Food for thought

The federal funding behind Arts Grow SC was only for three years.

“We have data to prove effectiveness, and legislators are receptive, but work must be done on the state level to keep Arts Grow SC programs at full strength to benefit the most students,” said David Platts, Executive Director of the SC Arts Commission.


The good

For this section, I reached out to our partners at the South Carolina Research Authority.

“We are proud to be part of a robust entrepreneurial ecosystem that provides everything startups need to be successful. SCRA Member Companies and SC Launch, Inc. Portfolio Companies pay an average salary of $91,000 annually, 70% higher than the state’s average. This produces a ripple effect in our state’s economy,” said Bob Quinn, President and CEO of SCRA.

Food for thought

Although there is a solid base of capital support for early-stage companies in all sectors, South Carolina struggles with attracting capital for mid-to-late-stage companies from venture capital and private equity firms.

Several initiatives are underway to help address this, including, but not limited to, the state’s Science and Technology Plan which was published in June 2022. Specific targets have been set for ‘Innovation and Entrepreneurship’ as well as ‘High-Tech Industry Growth’ and ‘Research Competitiveness’.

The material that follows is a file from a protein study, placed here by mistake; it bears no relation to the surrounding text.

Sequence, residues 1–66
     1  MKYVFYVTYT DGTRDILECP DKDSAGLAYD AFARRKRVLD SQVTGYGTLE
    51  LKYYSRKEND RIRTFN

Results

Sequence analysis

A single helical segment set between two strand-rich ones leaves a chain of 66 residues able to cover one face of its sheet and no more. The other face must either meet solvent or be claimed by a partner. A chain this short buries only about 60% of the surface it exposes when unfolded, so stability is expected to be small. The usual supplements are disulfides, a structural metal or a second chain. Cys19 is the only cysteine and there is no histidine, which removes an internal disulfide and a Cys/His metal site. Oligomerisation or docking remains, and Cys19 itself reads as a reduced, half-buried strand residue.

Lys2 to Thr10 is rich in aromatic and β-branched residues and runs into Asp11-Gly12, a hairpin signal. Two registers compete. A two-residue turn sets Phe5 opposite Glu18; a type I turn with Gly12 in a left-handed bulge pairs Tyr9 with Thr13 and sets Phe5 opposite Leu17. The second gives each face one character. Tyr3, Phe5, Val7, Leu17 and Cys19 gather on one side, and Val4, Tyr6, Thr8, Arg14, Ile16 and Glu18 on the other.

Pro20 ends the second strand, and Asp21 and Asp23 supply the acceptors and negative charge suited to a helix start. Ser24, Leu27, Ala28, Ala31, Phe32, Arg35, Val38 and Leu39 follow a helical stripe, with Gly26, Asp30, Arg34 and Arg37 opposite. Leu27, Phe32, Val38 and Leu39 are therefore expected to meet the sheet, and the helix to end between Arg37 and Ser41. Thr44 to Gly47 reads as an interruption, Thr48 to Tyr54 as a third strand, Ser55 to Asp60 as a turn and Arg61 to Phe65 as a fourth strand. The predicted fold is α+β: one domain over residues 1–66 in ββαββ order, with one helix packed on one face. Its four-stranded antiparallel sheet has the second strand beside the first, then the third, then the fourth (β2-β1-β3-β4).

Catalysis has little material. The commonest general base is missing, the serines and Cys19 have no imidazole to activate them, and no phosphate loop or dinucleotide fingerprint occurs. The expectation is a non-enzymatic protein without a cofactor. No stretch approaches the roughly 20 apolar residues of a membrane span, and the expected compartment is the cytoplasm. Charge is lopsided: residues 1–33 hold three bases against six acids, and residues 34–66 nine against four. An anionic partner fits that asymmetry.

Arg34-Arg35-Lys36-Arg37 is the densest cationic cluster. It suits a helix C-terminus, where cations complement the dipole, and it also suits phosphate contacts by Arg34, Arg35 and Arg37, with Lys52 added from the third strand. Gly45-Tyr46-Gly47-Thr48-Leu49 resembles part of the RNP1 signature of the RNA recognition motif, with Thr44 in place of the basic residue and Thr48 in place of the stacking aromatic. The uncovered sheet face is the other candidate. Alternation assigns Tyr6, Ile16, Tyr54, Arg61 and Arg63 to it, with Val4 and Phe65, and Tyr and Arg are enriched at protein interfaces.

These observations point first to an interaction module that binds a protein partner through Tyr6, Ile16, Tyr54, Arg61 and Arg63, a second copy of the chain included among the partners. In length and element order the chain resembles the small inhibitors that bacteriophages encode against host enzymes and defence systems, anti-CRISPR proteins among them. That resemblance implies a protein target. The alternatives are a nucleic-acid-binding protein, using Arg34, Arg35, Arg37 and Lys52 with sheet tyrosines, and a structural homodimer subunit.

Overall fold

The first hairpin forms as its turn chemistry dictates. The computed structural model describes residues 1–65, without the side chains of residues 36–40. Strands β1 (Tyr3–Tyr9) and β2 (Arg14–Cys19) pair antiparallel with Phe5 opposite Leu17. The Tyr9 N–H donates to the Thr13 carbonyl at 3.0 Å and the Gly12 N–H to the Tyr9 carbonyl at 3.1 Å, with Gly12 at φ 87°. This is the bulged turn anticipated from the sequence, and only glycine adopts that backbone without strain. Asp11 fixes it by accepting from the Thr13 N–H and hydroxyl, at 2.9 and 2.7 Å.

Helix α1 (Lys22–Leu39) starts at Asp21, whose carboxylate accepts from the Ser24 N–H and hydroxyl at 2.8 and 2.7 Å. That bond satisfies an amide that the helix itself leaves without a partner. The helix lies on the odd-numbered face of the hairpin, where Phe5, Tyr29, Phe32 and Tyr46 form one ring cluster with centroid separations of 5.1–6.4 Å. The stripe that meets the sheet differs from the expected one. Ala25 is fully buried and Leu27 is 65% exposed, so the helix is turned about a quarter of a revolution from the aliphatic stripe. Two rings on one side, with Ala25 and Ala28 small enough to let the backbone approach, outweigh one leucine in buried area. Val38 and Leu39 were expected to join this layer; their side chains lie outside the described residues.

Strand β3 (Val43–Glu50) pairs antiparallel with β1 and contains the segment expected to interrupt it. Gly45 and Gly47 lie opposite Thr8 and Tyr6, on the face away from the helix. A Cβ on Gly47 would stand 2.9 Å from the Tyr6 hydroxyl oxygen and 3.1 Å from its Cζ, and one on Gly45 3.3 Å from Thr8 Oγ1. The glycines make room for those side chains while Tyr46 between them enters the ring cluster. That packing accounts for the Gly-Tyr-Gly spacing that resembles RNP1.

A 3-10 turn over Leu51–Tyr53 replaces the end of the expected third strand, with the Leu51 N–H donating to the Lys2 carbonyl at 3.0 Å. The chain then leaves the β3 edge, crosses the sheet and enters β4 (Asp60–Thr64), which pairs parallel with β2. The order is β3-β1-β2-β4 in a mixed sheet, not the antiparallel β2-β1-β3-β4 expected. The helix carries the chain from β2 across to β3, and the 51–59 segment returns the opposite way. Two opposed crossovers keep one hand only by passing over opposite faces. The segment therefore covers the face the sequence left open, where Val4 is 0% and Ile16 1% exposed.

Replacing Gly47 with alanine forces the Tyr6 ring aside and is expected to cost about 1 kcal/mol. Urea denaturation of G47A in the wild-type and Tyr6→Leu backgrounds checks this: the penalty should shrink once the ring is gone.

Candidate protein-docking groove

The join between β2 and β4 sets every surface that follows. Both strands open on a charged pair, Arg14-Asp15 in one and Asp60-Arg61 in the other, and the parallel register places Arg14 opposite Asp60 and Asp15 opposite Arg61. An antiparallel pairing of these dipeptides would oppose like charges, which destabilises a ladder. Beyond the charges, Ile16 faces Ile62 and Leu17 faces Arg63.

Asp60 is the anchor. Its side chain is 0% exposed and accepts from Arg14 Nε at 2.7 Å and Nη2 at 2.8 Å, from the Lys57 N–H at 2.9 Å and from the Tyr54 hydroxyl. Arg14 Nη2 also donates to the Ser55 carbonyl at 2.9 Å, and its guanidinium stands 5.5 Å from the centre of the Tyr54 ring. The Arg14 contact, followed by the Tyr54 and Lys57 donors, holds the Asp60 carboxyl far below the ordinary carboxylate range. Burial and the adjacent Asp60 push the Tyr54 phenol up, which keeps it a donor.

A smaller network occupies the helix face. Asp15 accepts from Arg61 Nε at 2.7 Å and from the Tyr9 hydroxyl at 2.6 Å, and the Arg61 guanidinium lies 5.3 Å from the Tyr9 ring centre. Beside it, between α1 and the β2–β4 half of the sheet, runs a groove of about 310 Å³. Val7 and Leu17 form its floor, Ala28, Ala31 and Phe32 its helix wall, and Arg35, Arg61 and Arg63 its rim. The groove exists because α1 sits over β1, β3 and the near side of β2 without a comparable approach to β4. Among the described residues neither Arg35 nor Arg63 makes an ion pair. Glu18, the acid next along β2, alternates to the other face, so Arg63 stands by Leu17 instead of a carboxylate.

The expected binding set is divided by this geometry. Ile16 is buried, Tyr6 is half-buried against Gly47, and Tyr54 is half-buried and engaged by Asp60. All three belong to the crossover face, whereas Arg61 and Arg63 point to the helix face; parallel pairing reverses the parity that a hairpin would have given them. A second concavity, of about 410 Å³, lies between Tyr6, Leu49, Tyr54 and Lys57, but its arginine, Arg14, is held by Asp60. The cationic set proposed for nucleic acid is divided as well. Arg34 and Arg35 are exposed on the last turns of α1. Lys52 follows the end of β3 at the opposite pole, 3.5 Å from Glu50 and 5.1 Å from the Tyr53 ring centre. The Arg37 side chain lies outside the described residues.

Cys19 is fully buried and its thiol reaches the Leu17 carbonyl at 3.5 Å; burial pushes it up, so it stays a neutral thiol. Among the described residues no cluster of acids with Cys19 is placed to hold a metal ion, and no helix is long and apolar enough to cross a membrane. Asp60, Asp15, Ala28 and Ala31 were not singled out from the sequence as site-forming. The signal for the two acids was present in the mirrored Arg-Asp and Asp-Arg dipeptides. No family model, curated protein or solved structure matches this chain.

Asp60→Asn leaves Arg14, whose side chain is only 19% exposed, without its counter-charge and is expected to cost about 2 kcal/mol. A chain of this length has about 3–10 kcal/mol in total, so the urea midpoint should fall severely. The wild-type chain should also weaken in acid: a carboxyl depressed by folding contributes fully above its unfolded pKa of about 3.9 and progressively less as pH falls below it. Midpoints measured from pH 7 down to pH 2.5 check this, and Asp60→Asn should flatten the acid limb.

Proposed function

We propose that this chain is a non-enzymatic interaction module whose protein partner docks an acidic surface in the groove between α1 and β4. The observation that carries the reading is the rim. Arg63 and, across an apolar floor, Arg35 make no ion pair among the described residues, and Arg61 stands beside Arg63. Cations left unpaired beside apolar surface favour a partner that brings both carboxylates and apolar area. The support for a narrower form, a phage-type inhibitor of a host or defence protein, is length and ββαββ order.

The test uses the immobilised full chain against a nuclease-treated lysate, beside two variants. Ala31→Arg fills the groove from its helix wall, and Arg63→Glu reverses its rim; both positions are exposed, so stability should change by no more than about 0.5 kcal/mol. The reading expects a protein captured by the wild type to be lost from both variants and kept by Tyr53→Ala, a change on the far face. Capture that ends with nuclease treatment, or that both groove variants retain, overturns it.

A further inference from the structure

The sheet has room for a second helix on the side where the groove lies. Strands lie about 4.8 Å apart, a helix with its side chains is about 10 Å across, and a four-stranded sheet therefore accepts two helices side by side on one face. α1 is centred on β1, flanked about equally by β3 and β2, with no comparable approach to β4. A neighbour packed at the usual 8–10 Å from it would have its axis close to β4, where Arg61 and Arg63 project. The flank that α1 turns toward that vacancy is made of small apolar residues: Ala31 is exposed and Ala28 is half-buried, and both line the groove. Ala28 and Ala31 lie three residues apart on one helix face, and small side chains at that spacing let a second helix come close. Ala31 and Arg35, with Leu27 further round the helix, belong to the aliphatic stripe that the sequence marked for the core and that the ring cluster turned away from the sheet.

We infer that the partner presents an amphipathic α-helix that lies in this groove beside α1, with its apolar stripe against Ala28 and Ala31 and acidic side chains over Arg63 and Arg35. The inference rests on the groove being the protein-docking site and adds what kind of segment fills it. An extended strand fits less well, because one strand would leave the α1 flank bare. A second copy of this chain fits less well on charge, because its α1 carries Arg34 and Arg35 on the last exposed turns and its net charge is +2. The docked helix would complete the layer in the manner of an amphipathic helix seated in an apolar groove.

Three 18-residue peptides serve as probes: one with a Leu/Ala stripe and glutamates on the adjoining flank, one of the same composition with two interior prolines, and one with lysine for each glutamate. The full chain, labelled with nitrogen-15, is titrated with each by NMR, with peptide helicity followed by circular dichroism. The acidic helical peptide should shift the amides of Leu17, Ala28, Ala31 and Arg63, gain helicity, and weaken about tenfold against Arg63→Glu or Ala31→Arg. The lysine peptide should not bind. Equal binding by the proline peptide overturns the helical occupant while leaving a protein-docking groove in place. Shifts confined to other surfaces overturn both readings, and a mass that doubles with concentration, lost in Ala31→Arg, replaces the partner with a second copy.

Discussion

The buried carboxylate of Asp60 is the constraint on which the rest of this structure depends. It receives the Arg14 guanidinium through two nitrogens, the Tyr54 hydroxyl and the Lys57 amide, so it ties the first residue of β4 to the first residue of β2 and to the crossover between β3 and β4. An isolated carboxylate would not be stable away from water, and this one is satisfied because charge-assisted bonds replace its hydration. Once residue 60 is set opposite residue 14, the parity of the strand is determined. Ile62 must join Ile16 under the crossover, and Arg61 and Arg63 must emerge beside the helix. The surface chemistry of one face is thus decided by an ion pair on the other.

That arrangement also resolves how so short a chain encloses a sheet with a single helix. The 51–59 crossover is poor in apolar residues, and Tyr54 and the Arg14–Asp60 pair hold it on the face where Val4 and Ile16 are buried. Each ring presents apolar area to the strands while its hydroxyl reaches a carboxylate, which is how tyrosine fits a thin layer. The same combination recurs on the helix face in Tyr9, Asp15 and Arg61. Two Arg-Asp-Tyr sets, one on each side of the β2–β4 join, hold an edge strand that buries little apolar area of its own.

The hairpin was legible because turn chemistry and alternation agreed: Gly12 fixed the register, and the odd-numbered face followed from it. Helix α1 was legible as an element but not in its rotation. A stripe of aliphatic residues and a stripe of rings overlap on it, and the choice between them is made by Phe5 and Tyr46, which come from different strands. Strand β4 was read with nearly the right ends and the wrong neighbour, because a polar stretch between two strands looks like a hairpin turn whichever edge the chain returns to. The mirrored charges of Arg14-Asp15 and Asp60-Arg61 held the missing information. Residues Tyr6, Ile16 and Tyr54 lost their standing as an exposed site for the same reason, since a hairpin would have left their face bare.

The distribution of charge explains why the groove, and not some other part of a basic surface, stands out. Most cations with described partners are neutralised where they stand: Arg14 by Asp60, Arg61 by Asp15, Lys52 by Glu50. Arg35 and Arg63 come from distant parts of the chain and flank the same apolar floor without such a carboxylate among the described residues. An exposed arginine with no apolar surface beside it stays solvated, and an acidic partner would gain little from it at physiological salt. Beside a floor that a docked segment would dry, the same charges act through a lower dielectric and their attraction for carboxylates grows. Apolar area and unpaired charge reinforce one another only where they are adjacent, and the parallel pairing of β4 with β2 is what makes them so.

Also, the S.C. Department of Commerce and SC Launch, Inc.’s investor network is bringing together venture firms throughout the Southeast.

Access to capital – from Charlie Banks, President, VentureSouth

The good

In a historically difficult state for entrepreneurs to raise capital, VentureSouth has invested over $20M in 23 South Carolina companies throughout the last handful of years. Not only are entrepreneurs starting scalable companies in the state, they are finding the capital they need to execute their business plans here as well.

Food for thought

The one metric that needs work is the South Carolina Angel Tax Credit. “We believe the credit is inadequate for the amount of activity, and the way the State is administering the credit is flawed. Given the influx of capital coming from the State Small Business Credit Initiative (SSBCI) program, which requires a 1:1 match with private capital, the tax credit program needs to be a top priority to address.”

Commercial Real Estate

The good

One metric that is driving growth in SC is the continuing investment by the state into infrastructure (roads, ports, rail). This growing investment is attracting developers and investors of manufacturing and warehouse properties statewide.

Food for thought

The deterioration of the suburban commodity office market is of concern in all three markets (Columbia, Greenville, Charleston). This subset of the office market is in trouble and will not be likely to recover for many years.

In conclusion

Let’s use metrics to continue to develop strategies to move our state forward.